The 2020 Long-Term Budget Outlook

To reflect recent trends, CBO currently projects that mortality rates for working-age adults decline in the near term at a slower rate than the agency previously projected. For most people age 55 or older, CBO then revises those projections upward for 2020 and 2021 to reflect the greater number of fatalities from the pandemic in that age group. After 2021, CBO expects mortality rates to decline at roughly the average rate each age group experienced between 1950 and 2017. That rate of mortality improvement is generally lower than CBO projected last year because of the incorporation of two additional years of higher-than-expected mortality rates.

CBO’s projections of mortality rates affect the agency’s projections of life expectancy. Compared with last year’s projections, mortality rates are declining more slowly for people age 65 or younger (especially for those younger than age 45). As a result, life expectancy at birth is projected to be 82.0 years in 2050, whereas CBO projected last year that it would be 82.6 years. Life expectancy at age 65 is projected to be 21.6 years in 2050, unchanged from last year’s projection.

Contributions of Demographic Factors to Population Growth

The combination of the three demographic factors described above—fertility, immigration, and mortality—determine CBO’s projections of total population growth. Over the course of the next decade, immigration accounts for about half of the overall increase in the size of the population, and changes in fertility and mortality account for the other half (see Table A-1[34]). With fertility rates expected to remain below the replacement rate, immigration becomes an increasingly important part of overall population growth in the United States. By 2050, in CBO’s projections, nearly all of the nation’s population growth is driven by net immigration (see Figure A-2[35]).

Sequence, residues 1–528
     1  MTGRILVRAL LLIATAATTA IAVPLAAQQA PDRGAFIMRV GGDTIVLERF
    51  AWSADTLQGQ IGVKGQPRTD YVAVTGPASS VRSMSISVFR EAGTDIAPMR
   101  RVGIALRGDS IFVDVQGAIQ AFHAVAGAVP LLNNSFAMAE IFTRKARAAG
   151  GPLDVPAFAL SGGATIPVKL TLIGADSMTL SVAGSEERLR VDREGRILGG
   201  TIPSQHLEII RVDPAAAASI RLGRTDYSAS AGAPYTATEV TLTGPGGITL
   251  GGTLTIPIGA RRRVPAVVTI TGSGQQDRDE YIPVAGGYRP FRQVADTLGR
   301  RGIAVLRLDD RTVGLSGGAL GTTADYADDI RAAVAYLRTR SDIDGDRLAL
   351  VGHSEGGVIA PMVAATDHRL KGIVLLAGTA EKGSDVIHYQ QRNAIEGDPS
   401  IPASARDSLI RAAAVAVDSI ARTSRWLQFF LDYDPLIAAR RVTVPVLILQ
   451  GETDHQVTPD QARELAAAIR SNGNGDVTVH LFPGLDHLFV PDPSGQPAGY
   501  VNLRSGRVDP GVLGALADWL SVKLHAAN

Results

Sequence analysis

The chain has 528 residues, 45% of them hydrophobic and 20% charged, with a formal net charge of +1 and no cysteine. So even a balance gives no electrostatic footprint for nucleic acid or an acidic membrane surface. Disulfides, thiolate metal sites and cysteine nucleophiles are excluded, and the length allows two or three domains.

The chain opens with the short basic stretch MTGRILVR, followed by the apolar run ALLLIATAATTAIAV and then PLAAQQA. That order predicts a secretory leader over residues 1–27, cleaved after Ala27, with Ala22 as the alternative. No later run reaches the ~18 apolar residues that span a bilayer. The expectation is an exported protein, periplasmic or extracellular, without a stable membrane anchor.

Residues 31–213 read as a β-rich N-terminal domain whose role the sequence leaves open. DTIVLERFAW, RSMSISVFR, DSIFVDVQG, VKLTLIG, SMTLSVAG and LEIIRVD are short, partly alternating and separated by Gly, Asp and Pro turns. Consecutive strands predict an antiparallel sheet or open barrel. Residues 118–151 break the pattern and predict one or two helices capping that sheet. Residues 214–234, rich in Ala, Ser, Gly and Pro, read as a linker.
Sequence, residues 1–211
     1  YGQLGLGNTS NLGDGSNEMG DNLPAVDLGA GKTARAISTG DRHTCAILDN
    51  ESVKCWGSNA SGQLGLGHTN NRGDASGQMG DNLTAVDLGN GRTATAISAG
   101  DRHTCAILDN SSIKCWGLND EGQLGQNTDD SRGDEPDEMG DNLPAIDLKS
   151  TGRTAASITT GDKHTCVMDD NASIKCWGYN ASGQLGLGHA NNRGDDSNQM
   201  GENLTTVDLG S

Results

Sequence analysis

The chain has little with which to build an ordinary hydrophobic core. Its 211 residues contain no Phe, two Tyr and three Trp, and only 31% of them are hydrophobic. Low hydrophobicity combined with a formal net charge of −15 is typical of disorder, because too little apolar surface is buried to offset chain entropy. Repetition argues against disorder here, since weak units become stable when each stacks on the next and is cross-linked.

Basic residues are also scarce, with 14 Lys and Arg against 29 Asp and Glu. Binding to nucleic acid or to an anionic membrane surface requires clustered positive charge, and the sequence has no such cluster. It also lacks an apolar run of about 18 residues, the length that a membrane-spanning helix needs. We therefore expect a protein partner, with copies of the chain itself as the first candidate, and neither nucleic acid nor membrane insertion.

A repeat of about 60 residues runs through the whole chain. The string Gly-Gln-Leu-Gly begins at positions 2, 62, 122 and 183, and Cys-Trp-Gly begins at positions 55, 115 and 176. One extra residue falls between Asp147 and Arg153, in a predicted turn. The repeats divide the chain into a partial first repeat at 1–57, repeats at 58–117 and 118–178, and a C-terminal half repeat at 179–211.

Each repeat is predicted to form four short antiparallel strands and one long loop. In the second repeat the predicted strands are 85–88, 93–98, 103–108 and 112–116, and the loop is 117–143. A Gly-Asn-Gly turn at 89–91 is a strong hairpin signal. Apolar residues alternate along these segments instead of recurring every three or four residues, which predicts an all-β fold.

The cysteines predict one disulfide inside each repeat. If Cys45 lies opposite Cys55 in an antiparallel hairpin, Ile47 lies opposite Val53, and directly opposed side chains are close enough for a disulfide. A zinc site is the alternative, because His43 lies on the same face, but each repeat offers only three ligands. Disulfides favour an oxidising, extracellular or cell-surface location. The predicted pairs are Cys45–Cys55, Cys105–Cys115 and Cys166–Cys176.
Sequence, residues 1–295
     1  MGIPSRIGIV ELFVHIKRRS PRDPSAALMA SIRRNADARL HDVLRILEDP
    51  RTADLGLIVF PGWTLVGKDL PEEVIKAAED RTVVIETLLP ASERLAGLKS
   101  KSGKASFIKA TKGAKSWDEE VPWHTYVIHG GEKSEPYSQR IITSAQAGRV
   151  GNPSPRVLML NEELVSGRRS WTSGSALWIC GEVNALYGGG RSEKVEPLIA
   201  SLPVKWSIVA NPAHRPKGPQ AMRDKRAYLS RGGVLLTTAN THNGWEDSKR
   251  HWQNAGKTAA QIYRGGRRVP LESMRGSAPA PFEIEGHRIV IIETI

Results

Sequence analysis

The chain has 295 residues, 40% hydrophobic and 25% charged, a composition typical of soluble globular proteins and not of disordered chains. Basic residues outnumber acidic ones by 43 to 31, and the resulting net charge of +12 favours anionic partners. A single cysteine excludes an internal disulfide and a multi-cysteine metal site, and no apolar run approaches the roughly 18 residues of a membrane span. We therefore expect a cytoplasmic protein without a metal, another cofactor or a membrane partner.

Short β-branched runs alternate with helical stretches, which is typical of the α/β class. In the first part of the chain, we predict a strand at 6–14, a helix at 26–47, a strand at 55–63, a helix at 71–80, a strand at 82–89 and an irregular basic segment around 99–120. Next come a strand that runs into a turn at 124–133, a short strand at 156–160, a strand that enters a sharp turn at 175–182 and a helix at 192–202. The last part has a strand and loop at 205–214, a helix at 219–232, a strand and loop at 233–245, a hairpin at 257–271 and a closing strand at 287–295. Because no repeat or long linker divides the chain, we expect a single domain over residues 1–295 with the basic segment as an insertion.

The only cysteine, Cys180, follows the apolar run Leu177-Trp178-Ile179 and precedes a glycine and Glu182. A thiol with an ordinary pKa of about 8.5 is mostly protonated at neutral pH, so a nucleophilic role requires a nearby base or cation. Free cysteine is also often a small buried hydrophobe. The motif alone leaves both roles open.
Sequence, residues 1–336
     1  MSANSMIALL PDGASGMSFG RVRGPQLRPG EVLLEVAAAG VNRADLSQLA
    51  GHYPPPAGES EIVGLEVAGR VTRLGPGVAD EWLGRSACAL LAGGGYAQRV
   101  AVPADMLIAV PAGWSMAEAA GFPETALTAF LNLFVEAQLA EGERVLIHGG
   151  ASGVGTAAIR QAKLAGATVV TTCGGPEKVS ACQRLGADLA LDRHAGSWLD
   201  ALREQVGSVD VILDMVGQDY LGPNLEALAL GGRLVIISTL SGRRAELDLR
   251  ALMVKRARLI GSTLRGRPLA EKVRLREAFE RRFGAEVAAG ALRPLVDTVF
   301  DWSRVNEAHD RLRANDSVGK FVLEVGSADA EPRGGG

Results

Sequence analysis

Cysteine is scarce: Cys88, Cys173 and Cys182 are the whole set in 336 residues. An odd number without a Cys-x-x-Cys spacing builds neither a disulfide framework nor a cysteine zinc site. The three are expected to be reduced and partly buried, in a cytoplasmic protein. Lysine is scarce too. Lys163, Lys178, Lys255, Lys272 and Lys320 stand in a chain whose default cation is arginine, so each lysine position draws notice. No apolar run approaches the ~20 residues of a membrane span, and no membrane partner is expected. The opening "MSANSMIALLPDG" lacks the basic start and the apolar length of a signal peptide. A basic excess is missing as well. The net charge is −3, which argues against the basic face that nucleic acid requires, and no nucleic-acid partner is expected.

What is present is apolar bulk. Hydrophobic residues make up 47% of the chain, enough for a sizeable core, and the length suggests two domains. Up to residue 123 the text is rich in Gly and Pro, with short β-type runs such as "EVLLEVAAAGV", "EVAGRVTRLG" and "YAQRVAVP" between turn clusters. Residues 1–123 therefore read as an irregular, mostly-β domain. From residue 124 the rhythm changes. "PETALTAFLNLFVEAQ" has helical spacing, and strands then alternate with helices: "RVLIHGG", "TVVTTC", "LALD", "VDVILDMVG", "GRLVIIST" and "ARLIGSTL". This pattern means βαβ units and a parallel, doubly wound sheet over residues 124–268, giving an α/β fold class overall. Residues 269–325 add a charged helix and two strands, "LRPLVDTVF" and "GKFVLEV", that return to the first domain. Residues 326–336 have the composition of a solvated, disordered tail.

Table A-1.

Average Annual Values for Demographic Variables That Underlie CBO’s Extended Baseline Projections

Source: Congressional Budget Office.

The extended baseline projections, which generally reflect current law, follow CBO’s 10-year baseline budget projections and then extend most of the concepts underlying those projections for the rest of the long-term projection period.

a. The civilian noninstitutionalized population includes individuals age 16 or older who are not inmates of institutions or on active duty in the armed forces.

b. Life expectancy as used here is period life expectancy, which is the amount of time that a person in a given year would expect to survive beyond his or her current age on the basis of that year’s mortality rates for various ages.

Figure A-2.

Demographic Factors That Contribute to Population Growth


As fertility rates remain below the replacement rate—the rate required for a generation to exactly replace itself— immigration plays an increasingly important part in population growth. By 2050, nearly all of that growth is driven by immigration.

Sources: Congressional Budget Office; Social Security Administration.

Net immigration is a measure of all people who either enter or leave the United States in any year.

Economic Factors

The federal government’s revenues, spending, and debt depend on economic factors such as the growth of gross domestic product (GDP), the size and composition of the labor force, the number of hours worked, the distribution of earnings among workers, capital accumulation, productivity, inflation, and interest rates. CBO’s projections of those factors reflect the agency’s assessment of various economic and demographic developments, as well as the effects of fiscal policy on economic activity.

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